Removing Your Spinal Tumor With Minimally Invasive Spine Surgery

Removing Your Spinal Tumor With Minimally Invasive Spine Surgery

Spinal tumors pose the exceptional challenge of removing the tumor without damaging the spinal nerves. That was a difficult and sometimes impossible task with standard surgery. 

But minimally invasive spine surgery (MISS) has revolutionized our ability to successfully remove these tumors. MISS introduced new techniques and instruments that give a skilled neurosurgeon like Richard B. Kim, MD the ability to reach and remove tumors that were once inaccessible.

Types of spinal tumors

Tumors that begin in the spine, called primary spinal tumors, can be malignant (cancerous) or benign (noncancerous). These tumors often originate in the membranes covering the spinal cord and in the spinal nerves. Though not as common, they can also grow in the vertebrae.

Secondary spinal tumors are always malignant because they begin as cancer in another part of the body and then spread to the spine.

Primary tumors

About 40% of primary spinal tumors occur inside the membranes that surround the spinal cord without affecting the nerves that make up the spinal cord. Tumors that grow inside the spinal cord represent approximately 5% of all primary tumors.

Primary tumors have names such as meningiomas, schwannomas, neurofibromas, ependymomas, and astrocytomas. These names reflect the cells and tissues that grow to form the tumor.

Some primary tumors are usually benign, and others are typically malignant. But they're not always straightforward. For example, ependymomas are considered to be cancerous. Yet some grow so slowly they don’t need immediate treatment, and others grow very rapidly. 

Additionally, benign tumors can grow rapidly, press against nerves, and cause serious problems. They need to be surgically removed as quickly as malignant tumors.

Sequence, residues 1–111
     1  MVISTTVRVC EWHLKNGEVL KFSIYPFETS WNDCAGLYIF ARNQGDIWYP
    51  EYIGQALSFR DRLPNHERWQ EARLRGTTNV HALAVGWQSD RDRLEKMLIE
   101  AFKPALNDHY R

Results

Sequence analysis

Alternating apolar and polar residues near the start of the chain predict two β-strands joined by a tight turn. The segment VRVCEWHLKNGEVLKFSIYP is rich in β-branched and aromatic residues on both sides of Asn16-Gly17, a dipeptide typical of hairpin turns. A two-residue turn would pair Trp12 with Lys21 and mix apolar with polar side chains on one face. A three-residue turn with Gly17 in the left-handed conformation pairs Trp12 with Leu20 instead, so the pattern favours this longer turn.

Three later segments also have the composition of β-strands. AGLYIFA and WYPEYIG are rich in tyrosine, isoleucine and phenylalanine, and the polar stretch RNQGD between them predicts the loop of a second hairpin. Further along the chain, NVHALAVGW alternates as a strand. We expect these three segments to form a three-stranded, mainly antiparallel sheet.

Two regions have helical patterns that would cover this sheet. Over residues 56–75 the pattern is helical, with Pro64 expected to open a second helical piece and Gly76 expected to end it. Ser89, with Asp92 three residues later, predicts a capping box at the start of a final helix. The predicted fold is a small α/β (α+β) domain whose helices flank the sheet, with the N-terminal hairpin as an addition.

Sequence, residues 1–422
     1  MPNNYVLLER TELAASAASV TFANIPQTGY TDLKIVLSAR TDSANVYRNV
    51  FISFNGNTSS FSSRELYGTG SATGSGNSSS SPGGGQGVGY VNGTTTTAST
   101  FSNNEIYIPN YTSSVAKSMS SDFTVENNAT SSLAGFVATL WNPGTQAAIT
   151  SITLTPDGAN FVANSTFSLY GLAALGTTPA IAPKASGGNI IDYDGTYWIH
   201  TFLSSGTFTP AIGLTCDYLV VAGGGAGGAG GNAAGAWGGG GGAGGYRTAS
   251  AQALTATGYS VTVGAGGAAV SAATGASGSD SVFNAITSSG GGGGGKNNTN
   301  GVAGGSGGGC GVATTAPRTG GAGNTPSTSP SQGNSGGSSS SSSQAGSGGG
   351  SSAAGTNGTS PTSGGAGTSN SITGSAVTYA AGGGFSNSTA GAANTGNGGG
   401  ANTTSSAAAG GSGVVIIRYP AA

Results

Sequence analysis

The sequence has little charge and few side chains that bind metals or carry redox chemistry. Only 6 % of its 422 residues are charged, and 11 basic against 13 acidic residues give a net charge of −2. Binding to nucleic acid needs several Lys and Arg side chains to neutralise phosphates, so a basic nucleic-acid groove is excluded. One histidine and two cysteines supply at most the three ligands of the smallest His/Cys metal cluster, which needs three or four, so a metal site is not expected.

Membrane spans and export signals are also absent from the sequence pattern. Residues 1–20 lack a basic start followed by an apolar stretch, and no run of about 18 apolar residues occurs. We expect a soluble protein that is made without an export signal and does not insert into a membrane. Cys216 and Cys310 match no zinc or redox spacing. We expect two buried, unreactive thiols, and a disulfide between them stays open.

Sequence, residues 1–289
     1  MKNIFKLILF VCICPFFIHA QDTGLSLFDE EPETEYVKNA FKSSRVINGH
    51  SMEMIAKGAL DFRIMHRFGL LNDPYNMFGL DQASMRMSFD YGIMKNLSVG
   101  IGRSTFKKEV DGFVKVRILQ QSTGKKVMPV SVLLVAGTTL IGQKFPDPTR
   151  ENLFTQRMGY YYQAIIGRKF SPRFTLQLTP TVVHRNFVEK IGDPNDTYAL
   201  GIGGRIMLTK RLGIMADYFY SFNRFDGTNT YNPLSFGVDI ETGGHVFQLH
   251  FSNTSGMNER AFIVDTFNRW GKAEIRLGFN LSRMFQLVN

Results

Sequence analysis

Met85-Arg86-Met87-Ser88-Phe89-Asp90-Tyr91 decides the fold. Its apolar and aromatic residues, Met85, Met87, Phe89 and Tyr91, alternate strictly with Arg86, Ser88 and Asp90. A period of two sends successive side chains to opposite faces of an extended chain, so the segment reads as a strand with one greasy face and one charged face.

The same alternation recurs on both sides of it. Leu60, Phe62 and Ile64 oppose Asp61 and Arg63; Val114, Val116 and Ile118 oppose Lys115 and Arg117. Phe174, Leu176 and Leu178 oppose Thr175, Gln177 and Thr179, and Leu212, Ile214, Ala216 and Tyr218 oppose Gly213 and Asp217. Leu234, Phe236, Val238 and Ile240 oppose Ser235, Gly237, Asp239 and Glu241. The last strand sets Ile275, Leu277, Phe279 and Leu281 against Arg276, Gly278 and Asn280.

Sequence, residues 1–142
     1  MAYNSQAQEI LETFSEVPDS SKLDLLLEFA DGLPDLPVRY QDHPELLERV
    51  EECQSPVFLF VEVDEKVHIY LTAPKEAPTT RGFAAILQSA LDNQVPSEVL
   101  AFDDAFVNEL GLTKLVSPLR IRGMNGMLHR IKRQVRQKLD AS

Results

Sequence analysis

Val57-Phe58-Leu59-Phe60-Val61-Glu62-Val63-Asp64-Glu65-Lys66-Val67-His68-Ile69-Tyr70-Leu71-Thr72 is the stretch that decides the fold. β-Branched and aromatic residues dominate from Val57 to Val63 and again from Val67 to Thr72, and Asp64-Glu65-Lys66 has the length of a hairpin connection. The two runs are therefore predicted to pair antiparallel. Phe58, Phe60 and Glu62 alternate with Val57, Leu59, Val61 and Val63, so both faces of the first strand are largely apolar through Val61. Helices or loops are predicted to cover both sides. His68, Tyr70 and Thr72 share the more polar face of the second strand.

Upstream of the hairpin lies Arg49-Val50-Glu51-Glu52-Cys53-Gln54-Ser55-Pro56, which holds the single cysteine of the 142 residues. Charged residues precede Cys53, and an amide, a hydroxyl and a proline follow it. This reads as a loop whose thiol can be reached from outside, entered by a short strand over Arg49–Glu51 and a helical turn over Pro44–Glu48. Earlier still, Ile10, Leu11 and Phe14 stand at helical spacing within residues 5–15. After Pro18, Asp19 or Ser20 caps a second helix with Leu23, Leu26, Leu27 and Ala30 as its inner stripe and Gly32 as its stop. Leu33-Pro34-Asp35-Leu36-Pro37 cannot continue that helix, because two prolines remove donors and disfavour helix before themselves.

Secondary tumors

Tumors that develop outside the membranes covering the spinal cord account for 55% of all spinal tumors. They’re usually metastatic tumors.

It's estimated that 30-70% of patients with cancer outside the spine end up with secondary tumors in the vertebrae. Other cancers that commonly spread to the spine include lung, breast, and prostate cancer.

Minimally invasive spine surgery for tumor removal

Before MISS, removing a spinal tumor was a dangerous procedure that was seldom performed. Instead, patients were treated with other therapies to reduce the size of the tumor or kill cancerous cells.

With MISS, I have the ability to aggressively remove tumors, carefully separating the tumor from essential nerves and the surrounding tissues.

Minimally invasive procedures are defined by making a small incision. However, the benefit extends beyond the incision size. I can perform more precise surgery and reach tumors in difficult locations due to the advanced instruments designed to fit through tiny incisions.

A few examples of minimally invasive techniques used to treat spinal tumors include:

Tumor resection

Tumor resection refers to cutting out part or all of the tumor. 


I may perform an embolization to shrink the tumor so it's easier to remove or to control bleeding during a resection. I guide a catheter through your blood vessels to the tumor and release an embolic substance (tiny gelatin sponges or beads) that blocks the blood vessels and cuts off the tumor's blood supply.


When a spinal tumor places pressure on the nerves, I perform one of several types of minimally invasive decompression procedures. In some cases, I may combine decompression with a resection.

The goal is to create more space to relieve the pressure, which usually involves removing part or all of a vertebrae or disc. After the decompression procedure, I insert a bone graft and fixation devices to stabilize the spine.

Benefits of minimally invasive spinal surgery

Standard open surgery requires a long incision that cuts through all the muscles and tissues. Then the opening is pulled back to provide a good view of your spine.

MISS causes significantly less trauma compared to open surgery. The incision only needs to accommodate tools that are about the size of a pencil. In most cases, I don't cut the muscles. Instead, I guide a tubular dilator through the muscle fibers and gently stretch the muscles to create an opening.

Thanks to this gentle care, you have:

If you have a malignant tumor and need radiation therapy or chemotherapy after MISS, faster wound healing means you can start your postop treatment sooner.

If you have questions about MISS to remove a spinal tumor, call my office or book an appointment online today.

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